|Overall Rating||Silver - expired|
|Submission Date||Jan. 9, 2015|
Western Kentucky University
This credit is weighted more heavily for institutions that own or manage land that includes or is adjacent to any of the following:
Institutions may identify legally protected areas, internationally recognized areas, priority sites for biodiversity, and regions of conservation importance using the Integrated Biodiversity Assessment Tool (IBAT) for Research & Conservation Planning or an equivalent resource or study.
Director, Upper Green River Biological Preserve
Biology - Ogden College of Science and Engineering
Does the institution own or manage land that includes or is adjacent to legally protected areas, internationally recognized areas, priority sites for biodiversity, and/or regions of conservation importance?:
A brief description of any legally protected areas, internationally recognized areas, priority sites for biodiversity, and/or regions of conservation importance on institution owned or managed land:
The Green River Preserve is 1500 acres of land with seven miles of frontage on the Green River just up stream from Mammoth Cave National Park. The preserve is legally protected as a nature preserve that has state and federal protection easements attached. The Green River is one of the three most biodiverse rivers in the nation, and the preserve protects one of the two most biodiverse sites on the Green River. In fact, the preserve protects habitat where 12 different federally endangered species have been recorded. This ties Great Smoky Mountains National Park for number of endangered species making the Green River Preserve one of the richest sites for endangered species on the planet.
We have over 1000 pages of final management reports. We don't put these on the internet because of environmentally sensitive information. WKU also owns Crump Springs Cave which protects a colony of federally endangered Gray Bats. Furthermore, we have several other minor environmental areas. These include the Potter Nicely Outdoor Education Area, a farm on Barren River reservoir, and the McChesnee Campus on the Green River.
Has the institution conducted an assessment or assessments to identify endangered and vulnerable species with habitats on institution-owned or –managed land?:
Has the institution conducted an assessment or assessments to identify environmentally sensitive areas on institution-owned or –managed land?:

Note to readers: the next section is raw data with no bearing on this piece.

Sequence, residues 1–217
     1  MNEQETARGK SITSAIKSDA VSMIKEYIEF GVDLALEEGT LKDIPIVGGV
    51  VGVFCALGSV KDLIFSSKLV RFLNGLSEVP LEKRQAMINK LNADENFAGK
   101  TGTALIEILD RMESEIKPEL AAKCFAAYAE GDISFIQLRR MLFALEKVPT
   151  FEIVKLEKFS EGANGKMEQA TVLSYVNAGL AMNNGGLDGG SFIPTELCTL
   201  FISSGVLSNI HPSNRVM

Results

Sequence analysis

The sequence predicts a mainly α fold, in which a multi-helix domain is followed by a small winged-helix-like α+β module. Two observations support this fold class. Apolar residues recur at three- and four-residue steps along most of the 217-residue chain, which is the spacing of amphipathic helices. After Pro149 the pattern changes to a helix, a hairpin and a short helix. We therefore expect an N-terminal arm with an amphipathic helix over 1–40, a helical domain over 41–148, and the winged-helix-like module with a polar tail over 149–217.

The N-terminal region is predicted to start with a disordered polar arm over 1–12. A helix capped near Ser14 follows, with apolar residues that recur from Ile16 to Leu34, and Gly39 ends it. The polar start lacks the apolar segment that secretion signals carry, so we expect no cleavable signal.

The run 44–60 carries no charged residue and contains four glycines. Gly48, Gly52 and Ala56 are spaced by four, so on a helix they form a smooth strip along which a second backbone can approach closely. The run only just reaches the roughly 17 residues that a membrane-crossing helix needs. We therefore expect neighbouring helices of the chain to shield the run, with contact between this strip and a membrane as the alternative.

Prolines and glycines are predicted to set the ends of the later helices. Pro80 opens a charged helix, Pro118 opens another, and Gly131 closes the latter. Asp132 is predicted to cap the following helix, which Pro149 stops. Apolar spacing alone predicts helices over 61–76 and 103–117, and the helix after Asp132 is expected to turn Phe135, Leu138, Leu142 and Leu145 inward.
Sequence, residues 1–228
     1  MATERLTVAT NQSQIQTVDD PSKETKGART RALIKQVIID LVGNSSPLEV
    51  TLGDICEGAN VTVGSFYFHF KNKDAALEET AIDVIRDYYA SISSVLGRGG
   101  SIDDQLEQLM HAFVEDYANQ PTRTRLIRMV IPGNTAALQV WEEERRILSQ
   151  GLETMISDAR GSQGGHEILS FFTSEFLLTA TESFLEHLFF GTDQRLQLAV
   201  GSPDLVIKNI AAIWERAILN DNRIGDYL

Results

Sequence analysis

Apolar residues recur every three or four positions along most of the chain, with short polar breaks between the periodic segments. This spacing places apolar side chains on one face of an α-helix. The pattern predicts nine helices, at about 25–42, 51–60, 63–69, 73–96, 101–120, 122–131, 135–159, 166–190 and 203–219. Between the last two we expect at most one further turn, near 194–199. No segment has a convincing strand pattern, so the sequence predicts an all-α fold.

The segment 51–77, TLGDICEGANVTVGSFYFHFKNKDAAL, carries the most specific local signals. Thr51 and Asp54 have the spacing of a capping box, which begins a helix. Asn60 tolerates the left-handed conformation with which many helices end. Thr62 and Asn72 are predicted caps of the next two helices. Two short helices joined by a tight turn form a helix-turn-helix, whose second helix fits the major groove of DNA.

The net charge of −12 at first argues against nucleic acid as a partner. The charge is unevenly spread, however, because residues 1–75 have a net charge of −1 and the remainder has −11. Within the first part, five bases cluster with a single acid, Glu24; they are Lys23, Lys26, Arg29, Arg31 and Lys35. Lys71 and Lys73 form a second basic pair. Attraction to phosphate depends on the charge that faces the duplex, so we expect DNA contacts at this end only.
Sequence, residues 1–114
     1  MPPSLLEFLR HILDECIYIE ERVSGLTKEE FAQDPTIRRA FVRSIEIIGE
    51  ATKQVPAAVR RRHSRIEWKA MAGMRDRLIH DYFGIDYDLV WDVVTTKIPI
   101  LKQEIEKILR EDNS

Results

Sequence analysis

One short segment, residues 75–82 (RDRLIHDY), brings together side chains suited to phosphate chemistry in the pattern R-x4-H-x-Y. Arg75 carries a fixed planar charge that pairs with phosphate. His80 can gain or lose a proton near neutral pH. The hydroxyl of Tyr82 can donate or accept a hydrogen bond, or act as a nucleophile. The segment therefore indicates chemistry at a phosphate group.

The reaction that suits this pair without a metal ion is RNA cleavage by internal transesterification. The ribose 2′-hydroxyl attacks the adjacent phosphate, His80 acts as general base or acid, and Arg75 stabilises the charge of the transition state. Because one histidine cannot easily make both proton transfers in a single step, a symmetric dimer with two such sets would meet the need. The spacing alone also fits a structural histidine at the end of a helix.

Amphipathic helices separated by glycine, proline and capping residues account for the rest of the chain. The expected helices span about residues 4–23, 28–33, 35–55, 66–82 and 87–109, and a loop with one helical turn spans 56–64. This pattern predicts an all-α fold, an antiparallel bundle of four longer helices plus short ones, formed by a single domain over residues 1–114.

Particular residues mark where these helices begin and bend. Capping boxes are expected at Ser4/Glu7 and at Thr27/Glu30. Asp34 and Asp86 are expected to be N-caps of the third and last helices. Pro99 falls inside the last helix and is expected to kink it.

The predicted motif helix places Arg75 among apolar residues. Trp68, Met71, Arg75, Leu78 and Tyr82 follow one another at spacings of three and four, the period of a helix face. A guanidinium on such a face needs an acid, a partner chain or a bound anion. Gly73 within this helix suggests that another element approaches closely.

The methodology(-ies) used to identify endangered and vulnerable species and/or environmentally sensitive areas and any ongoing assessment and monitoring mechanisms:
The preserve has identified and developed management plans for environmentally sensitive areas. It is also involved in restoration of rare and endangered species and habitats.
We conduct periodic inventories of mussels (including endangered), rare plants, and migratory birds. Environmental DNA was recently used for Palaemonias ganteri (Kentucky Cave Shrimp). Bats have been monitored with Anabat. sewnsitive areas are visited every few months.
A brief description of identified species, habitats and/or environmentally sensitive areas:
We have nine federally endangered mussel species, two federally endangered bat species, and one federally endangered cave shrimp species.. The primary sensitive habitat is the seven miles of river frontage that we protect. We also protect remnant barrens and limestone flat rock glades.
A brief description of plans or programs in place to protect or positively affect identified species, habitats and/or environmentally sensitive areas:
We have an endangered mussel rearing facility on site. In collaboration with MACA, USFWS, and Monte McGregor of KDFW several federally endangered mussel species have been released by the hundreds in to the Green River. We hope to keep the facility on site, and we hope to host additional releases in the future. We will continue to protect seven miles of river front in perpetuity. We have planted over 14,000 bottomland hardwoods in river bottom fields. It is our intention to continue purchasing, protecting, and restoring bottomland hardwoods in the Green River floodplain in the future.
We protect several caves and all appropriate trees for Indiana bats. We hope to purchase more of both in the future. We purchased 350 acres in 2013 alone. We are rearing and planting several uncommon species of plants including Helianthus eggertii and Silene regia. We hope to expand this work to include Trifoleum reflexum in the future.
The website URL where information about the institution’s biodiversity policies and programs(s) is available:
The information presented here is self-reported. While AASHE staff review portions of all STARS reports and institutions are welcome to seek additional forms of review, the data in STARS reports are not verified by AASHE. If you believe any of this information is erroneous or inconsistent with credit criteria, please review the process for inquiring about the information reported by an institution and complete the Data Inquiry Form.